The World Association of Medical Editors has issued a policy entitled "Ghost Writing Initiated by Commercial Companies ." "The scientific record is distorted if the primary purpose of an article is to persuade readers in favor of a special interest, rather than to inform and educate, and this purpose is concealed," the article says "....Ghost authorship exists when someone has made substantial contributions to writing a manuscript and this role is not mentioned in the manuscript itself. [We] consider ghost authorship dishonest and unacceptable." The article points out that both "submitting authors" and drug companies bear the responsibility to not mislead the public.
The FDA's Role in Regulating New Drugs
The reports on misleading medical journal articles and the suppression of clinical trial data come at a time when many question the role of the Food and Drug Administration (FDA). The agency has been roundly criticized for lax enforcement against drug companies and for failing to issue timely, adequate warnings about Celebrex®, Bextra®, Vioxx®, Paxil®, and other medicines.
This week, a committee of the Institute of Medicine met to consider ways to improve the FDA's oversight of new and approved medical drugs. "The keystone of the current system is the prescriber, and that person is the one who decides if the benefits of a drug outweigh the risks for that patient," FDA Deputy Commissioner, Dr. Janet Woodcock, said at the hearing. She admitted that "this system has obviously broken down." "...The bottom line is that a lot of drug safety problems are actually preventable," she continued, because "most adverse [drug] events are from known side effects."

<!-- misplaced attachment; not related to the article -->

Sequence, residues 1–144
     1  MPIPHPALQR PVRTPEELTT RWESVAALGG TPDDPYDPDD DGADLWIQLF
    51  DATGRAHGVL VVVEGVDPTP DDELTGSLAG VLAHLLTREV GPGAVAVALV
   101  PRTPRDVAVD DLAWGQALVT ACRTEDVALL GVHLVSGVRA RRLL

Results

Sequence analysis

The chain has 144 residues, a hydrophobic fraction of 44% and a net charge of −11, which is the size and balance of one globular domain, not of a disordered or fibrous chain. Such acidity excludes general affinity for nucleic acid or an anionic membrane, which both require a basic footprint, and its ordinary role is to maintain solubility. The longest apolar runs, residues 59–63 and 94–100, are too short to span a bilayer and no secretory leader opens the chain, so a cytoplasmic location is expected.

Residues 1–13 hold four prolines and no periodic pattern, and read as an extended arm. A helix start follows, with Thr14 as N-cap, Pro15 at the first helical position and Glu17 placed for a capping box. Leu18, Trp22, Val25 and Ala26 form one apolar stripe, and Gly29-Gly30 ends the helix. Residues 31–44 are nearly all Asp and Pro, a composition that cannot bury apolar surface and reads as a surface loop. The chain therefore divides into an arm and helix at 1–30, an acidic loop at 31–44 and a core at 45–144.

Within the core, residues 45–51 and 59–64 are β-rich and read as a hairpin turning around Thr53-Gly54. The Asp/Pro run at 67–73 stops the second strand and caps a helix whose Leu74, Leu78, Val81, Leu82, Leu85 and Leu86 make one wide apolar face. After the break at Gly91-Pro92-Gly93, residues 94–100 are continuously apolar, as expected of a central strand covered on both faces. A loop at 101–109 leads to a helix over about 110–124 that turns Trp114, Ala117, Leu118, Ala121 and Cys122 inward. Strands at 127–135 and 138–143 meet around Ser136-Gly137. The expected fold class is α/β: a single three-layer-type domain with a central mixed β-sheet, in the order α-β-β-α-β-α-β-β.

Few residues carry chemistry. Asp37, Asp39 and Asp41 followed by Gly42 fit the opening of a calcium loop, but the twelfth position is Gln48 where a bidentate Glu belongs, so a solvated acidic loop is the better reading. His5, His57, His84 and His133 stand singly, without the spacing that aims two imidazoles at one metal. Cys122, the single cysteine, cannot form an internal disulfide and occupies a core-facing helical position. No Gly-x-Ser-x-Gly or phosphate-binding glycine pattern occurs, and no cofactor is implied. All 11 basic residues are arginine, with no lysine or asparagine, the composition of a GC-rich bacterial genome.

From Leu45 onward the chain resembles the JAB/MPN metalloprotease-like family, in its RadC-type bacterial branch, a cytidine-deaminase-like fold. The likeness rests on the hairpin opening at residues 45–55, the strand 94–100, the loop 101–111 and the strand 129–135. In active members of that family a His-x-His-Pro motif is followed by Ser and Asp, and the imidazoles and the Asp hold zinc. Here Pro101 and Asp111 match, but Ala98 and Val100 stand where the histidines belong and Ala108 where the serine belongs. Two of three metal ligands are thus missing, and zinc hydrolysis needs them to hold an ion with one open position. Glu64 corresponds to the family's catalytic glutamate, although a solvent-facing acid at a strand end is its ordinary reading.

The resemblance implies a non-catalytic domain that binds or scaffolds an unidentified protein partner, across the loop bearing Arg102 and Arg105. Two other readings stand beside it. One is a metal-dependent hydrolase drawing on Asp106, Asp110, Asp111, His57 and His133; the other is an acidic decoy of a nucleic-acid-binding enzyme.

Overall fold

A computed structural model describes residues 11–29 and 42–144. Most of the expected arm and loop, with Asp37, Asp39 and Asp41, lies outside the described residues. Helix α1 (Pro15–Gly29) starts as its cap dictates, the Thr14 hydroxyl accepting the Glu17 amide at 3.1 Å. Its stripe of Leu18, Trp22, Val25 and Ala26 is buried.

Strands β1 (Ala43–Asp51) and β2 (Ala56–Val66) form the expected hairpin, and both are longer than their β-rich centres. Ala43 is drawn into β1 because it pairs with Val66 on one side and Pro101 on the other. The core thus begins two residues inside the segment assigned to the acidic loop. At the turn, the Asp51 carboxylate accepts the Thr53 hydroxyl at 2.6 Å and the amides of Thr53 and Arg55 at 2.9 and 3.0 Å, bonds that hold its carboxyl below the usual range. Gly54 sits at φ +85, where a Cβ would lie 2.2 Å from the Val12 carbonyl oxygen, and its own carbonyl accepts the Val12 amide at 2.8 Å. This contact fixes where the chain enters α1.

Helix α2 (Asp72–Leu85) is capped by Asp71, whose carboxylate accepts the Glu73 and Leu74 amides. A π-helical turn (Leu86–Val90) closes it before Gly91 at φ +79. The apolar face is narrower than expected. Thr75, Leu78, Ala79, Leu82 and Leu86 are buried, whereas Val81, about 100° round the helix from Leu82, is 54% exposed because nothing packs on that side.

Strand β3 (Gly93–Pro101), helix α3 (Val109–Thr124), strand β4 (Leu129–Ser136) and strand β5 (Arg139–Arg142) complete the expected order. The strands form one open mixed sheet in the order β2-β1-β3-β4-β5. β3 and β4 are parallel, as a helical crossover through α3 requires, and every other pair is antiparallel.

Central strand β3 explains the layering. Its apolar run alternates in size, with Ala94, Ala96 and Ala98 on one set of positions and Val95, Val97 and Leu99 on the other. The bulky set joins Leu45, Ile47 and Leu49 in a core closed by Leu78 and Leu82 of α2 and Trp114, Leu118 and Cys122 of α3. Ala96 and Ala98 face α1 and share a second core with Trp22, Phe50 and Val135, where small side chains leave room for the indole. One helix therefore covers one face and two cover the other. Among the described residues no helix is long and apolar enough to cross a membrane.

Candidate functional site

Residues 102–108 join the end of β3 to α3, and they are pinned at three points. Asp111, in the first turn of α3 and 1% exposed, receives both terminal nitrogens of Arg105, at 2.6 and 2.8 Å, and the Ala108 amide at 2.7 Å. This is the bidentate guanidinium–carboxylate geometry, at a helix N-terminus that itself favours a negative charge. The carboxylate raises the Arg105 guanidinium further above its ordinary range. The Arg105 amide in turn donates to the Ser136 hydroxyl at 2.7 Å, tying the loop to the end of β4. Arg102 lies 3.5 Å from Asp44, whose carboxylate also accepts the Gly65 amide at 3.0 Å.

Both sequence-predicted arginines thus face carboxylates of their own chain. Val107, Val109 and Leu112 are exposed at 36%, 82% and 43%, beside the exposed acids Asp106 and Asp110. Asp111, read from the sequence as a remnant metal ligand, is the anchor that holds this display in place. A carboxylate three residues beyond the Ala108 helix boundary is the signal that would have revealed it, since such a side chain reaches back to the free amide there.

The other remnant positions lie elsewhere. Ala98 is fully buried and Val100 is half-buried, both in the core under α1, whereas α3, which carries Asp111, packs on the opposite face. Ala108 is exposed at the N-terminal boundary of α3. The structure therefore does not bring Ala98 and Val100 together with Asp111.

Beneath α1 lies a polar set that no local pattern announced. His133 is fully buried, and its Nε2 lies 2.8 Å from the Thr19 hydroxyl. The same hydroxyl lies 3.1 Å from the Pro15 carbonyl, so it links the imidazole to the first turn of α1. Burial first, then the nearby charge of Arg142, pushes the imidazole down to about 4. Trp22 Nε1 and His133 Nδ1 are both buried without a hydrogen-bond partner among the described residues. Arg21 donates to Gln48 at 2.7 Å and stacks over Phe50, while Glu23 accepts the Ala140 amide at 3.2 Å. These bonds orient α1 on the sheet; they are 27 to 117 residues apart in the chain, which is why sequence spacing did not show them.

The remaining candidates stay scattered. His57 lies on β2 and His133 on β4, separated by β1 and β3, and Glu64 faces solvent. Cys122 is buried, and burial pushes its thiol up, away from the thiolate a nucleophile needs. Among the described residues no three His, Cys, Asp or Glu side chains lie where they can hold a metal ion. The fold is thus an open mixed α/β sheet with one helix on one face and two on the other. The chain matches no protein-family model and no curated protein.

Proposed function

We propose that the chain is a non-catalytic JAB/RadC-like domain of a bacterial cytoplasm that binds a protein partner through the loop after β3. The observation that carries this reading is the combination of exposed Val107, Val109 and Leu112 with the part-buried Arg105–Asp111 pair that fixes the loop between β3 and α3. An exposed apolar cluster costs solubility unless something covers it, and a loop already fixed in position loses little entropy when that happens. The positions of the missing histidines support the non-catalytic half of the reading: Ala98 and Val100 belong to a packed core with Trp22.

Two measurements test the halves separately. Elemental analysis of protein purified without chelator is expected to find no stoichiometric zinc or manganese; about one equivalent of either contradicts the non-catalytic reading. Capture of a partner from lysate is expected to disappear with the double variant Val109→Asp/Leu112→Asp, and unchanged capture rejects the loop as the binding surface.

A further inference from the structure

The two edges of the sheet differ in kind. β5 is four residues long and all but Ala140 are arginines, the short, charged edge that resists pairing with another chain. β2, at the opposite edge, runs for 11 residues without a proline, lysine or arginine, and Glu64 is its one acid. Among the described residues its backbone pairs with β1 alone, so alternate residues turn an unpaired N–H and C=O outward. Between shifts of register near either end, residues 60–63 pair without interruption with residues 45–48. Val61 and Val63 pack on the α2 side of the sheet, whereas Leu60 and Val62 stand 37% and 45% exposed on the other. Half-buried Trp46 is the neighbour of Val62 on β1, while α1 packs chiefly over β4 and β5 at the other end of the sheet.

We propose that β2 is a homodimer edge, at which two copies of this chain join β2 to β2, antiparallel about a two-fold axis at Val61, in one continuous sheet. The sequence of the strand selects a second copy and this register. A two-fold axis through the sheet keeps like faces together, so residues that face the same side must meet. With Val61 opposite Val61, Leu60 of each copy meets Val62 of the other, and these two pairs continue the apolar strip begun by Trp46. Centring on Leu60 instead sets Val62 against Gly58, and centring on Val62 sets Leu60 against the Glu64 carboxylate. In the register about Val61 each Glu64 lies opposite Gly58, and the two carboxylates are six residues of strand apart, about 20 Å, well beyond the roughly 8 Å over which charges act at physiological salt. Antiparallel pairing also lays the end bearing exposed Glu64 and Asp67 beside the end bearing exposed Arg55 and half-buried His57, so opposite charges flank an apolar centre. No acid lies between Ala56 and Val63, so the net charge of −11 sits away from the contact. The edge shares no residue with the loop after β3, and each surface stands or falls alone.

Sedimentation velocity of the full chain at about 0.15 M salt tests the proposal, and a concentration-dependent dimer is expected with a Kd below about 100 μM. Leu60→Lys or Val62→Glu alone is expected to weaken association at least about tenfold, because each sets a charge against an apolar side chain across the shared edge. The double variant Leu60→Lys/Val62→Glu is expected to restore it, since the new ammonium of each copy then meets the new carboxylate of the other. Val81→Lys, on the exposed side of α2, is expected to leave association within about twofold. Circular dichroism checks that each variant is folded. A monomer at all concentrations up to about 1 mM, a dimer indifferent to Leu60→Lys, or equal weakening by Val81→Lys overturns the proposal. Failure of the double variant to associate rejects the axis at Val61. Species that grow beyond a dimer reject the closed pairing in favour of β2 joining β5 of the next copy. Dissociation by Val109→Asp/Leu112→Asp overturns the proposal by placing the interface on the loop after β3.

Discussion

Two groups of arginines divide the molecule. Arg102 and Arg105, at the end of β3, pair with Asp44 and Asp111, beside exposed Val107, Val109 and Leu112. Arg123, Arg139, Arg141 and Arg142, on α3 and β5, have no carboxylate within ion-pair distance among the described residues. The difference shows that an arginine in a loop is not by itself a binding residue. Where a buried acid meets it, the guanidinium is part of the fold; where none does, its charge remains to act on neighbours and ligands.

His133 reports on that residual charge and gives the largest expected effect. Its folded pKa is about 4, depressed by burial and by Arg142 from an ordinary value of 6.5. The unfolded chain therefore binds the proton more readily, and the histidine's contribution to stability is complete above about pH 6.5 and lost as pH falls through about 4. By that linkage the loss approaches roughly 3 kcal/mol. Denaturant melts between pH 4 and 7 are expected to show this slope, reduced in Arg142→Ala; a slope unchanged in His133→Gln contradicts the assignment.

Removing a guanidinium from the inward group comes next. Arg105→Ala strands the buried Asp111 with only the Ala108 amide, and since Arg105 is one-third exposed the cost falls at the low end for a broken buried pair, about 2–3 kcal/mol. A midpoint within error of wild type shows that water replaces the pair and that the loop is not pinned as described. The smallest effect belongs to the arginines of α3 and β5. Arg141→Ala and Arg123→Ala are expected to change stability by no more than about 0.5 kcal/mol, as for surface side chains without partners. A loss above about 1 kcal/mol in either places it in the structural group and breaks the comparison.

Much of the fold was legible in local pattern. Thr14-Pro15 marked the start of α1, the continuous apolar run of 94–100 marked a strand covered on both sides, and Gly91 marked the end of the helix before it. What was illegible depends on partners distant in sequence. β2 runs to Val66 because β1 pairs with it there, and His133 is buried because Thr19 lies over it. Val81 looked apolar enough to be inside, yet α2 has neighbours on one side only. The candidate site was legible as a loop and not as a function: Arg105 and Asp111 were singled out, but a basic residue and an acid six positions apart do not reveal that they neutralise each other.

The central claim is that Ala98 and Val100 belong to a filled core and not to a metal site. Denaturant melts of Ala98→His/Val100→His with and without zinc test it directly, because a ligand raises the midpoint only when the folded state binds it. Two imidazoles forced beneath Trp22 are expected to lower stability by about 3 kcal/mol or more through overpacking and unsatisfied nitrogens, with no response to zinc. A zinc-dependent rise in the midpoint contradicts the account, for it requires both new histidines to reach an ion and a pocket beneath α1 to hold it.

The Institute of Medicine's committee is expected to issue a report about the FDA next year. However, Senator Charles E. Grassley (R-IA) is concerned that 11 of 15 voting members of the committee are also employed by the FDA and may not be able to provide unbiased opinions.
Sen. Grassley has repeatedly called for the creation of a new federal center for drug safety that would be independent of the FDA. He believes that the FDA does not work hard enough at monitoring drug safety and effectiveness. This view has been echoed by consumer groups and many medical experts. For more details, see FDA Is Not Doing Enough to Protect Public.
Injuries from Medications
At Brayton Purcell, we are committed to helping people who have been injured by unsafe medicines. For more information about medical drug injuries and your legal options, please feel free to contact us. We have been handling medically-related consumer cases for over 20 years, and work hard to defend the legal rights of our clients.